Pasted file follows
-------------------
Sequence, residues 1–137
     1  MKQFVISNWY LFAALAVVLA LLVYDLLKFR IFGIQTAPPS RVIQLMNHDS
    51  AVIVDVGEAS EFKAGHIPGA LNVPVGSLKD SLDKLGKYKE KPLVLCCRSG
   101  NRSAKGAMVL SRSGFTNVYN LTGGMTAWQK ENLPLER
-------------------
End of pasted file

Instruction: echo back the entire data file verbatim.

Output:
Sequence, residues 1–137
     1  MKQFVISNWY LFAALAVVLA LLVYDLLKFR IFGIQTAPPS RVIQLMNHDS
    51  AVIVDVGEAS EFKAGHIPGA LNVPVGSLKD SLDKLGKYKE KPLVLCCRSG
   101  NRSAKGAMVL SRSGFTNVYN LTGGMTAWQK ENLPLER